Clustering can increase reliability and uptime in a client/server environment. As a DBA, you have many options to choose from when it comes to clustering. Choices include what to do when a server is failing or getting bogged down, do you want another to take over full operation or just some of its tasks? Will it be a complete fail-over design or just load balancing? What's the best way to minimize downtime? This fast guide will help direct you towards the clustering design fit best for your environment.
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Is clustering for you?
- Why cluster?
There are two types of clustering in SQL Server: load balancing and failover. This short article examines the reasons for clustering and some of the system requirements.
- Active/active or active/passive clustering?
Learn the steps you should take when weighing the decision for active/active or active passing clustering.
- Hardware clustering vs. replication: A case study
This tip is based upon a real-life experience in a Tier 1 bank. We used Sybase tools like ASE and Replication Server but this case is very applicable to other engines such as Oracle with Data Guard, etc.
- How does failover clustering work in SQL 2005?
Learn how the failovThe following was based upon a real-life experience in a Tier 1 bank. We used Sybase tools like ASE and Replication Server but this case is very applicable to other engines such as Oracle with Data Guard, etc.er clustering functionality has been extended in SQL Server 2005.
- Microsoft clustering algorithm
Learn more about Microsoft's clustering algorithm, which is a segmentation algorithm provided by Microsoft SQL Server 2005 Analysis Services (SSAS).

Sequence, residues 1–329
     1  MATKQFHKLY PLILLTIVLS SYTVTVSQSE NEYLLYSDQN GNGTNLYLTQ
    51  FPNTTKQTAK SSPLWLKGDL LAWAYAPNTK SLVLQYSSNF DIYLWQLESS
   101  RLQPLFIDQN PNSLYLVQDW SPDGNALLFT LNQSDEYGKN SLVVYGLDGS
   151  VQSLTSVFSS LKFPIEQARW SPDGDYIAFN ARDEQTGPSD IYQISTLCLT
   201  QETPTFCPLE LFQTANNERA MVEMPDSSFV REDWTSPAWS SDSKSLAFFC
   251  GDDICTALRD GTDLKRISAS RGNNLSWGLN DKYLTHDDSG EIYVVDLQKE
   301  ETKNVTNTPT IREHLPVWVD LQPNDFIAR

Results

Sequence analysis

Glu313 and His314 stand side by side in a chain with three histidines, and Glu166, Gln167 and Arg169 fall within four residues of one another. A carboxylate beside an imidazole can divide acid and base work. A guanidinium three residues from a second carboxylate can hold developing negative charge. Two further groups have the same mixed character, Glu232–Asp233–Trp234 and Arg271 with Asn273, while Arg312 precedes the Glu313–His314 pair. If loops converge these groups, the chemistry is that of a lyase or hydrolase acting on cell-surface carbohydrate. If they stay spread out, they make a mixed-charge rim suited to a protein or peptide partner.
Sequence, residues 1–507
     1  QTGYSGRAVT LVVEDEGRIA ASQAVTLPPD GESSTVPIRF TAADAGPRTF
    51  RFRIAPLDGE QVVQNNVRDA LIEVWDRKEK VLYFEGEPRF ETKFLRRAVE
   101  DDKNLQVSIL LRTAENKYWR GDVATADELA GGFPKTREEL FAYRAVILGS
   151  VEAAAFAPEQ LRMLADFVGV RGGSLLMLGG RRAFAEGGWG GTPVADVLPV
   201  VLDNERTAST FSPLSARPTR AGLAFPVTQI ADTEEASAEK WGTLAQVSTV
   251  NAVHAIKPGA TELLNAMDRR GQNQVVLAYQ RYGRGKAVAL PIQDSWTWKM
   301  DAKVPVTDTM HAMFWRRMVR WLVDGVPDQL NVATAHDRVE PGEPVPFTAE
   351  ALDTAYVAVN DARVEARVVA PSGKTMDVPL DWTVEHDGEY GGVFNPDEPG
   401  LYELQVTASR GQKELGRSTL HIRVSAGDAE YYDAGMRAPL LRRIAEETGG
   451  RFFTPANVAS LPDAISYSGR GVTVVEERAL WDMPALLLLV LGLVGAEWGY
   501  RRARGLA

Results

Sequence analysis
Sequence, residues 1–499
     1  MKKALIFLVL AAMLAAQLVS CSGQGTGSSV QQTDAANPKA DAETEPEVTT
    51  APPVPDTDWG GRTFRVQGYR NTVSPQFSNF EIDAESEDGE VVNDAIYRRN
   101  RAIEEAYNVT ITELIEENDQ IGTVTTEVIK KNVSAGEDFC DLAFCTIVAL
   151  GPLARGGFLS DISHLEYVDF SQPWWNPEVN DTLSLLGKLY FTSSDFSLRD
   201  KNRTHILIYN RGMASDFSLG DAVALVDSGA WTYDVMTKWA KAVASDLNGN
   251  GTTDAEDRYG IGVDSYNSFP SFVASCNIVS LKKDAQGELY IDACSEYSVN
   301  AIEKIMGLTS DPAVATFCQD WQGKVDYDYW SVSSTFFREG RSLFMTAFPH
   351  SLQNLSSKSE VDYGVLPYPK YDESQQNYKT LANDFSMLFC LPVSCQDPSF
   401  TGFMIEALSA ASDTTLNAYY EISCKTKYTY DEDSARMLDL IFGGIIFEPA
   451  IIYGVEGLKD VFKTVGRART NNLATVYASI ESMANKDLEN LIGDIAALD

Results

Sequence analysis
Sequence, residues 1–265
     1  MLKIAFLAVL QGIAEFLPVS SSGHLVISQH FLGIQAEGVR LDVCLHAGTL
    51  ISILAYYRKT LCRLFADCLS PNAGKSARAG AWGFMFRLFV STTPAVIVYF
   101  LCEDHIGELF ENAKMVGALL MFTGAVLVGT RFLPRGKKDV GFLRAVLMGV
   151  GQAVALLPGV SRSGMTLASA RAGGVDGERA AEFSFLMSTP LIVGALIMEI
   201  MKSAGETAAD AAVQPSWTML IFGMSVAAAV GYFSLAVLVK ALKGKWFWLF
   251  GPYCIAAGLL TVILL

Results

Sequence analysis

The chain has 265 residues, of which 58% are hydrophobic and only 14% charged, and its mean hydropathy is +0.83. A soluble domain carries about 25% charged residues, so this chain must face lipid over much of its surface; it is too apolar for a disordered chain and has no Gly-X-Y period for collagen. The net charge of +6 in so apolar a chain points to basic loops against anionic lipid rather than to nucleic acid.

Availability measures in clustering
- Checklist: Prepare SQL Server for peak workloads
Chances are you have to prepare for spikes in SQL Server activity throughout the year. Learn how to maintain highly available, fast-performing SQL Servers at such times.
- Pros and cons of using merge replication for high availability in SQL Server
Understand the pros and cons of using application load balancing with merge replication in SQL Server 2000, and get a simpler high availability solution plus recovery scenarios.
- SQL Server clustering best practices
SQL Server clustering provides high availability to clients by sharing server resources over several nodes, but only when all of its dependencies are addressed.
- Configuring High Availability
This section introduces several Microsoft SQL Server 2005 high-availability solutions that improve the availability of servers or databases. Check out these options that will minimize downtime for users.
Clustering and installation
- Configuring SQL Server clusters
SQL Server Expert Adam Machanic recommends two books on the topic of high availability to help install SQL Server on two systems with the same database and the same database structure.
- Setting up SQL Server clusters on a SAN
Storage area networks (SANs) allow you to connect expandable storage to your SQL Server installations, but care must be taken when working with SQL Server clusters.